1. COST THE STATE NOTHING, so the taxpayer gets a bargain and affordability can be maintained.
2. APPLY TO BUILDINGS REGARDLESS OF THEIR DATE OF CONSTRUCTION: By
making rent stabilized all developments being removed from Mitchell-Lama and project-based Section 8, and barring "unique or peculiar circumstances" increases, tens of thousands of units of affordable housing would remain affordable. That serves the explicit purpose of the 1974 Emergency Tenant Protection Act: to sweep tens of thousands of unregulated apartments into rent regulation and to keep apartments affordable.
3. BE RETROACTIVE: As I speak, tenants in 24 developments removed from Mitchell-Lama are involved in or affected by litigation concerning "unique or peculiar circumstances" increases. And thousands of tenants in post-1973 buildings are flailing about for a safety net. So we need a statute that is retroactive. If it is not retroactive, it will not help us. And the value of a non-retroactive statute diminishes to zero as more and more developments leave Mitchell-Lama.
One bill, A.7811 / S 5284, proposed by Assembly Member Gary Pretlow and State Senator Andrea Stewart-Cousins in the last term, provided for such coverage and retroactivity – so that tenants whose buildings did not enter rent stabilization on leaving Mitchell-Lama would enter
it now at their current rents.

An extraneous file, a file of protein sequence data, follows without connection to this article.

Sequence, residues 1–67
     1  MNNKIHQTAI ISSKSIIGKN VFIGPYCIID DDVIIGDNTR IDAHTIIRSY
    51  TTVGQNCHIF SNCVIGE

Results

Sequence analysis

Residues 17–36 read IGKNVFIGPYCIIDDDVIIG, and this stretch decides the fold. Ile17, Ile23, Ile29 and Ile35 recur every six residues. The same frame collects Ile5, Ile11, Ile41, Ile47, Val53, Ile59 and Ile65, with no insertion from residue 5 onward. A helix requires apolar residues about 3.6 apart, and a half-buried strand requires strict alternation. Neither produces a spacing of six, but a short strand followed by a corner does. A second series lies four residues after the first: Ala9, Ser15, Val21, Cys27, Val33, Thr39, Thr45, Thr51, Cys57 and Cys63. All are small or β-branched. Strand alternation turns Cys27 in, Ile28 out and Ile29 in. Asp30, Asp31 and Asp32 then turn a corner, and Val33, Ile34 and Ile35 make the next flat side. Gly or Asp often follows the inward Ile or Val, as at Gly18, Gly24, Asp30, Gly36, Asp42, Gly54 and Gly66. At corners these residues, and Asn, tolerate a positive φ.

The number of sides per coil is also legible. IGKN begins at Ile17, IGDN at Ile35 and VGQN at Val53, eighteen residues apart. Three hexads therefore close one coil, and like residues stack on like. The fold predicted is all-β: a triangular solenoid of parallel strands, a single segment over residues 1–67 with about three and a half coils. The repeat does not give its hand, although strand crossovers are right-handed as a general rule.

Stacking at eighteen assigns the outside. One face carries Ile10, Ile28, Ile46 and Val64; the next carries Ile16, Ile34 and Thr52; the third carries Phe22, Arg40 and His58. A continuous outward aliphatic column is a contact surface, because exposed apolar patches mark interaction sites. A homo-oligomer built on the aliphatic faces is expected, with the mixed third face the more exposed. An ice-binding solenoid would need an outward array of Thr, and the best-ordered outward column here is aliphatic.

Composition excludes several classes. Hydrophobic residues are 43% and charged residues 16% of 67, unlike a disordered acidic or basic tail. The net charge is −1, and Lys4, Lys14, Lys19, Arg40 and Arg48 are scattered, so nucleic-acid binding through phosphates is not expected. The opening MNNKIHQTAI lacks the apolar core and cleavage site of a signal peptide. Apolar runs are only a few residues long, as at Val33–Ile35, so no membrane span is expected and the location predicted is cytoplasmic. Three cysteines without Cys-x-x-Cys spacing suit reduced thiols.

4. NOT PENALIZE TENANTS: I am aware of one proposed bill putting only post-1973 buildings into rent stabilization without "unique or peculiar" increases. Aside from the failure to protect the pre-1974 buildings, that bill would penalize tenants who, though they know they
are unqualified, must apply for Section 8 enhanced vouchers or face an immediate market-rate rent increase. It seems to me that is playing with the purpose of Section 8 and using taxpayers' money for landlord profit. Such money might be better used in a tax abatement to encourage landlords to keep developments in their respective programs, or for investment in existing and future affordable housing.
5. BE SIMPLE: I know that Chairman Lopez, a long-time supporter of affordable housing, is also a long-time supporter of simple bills. The bill that my tenants' association supports is very simple: It puts all buildings leaving Mitchell-Lama or Section 8 projects into rent stabilization without unique or peculiar increases, applies retroactively and prospectively, and costs the state nothing.
On behalf of the Central Park Gardens Tenants' Association, I urge that this Committee endorse and promote this bill that the entire New York City tenants movement supports. We need your help.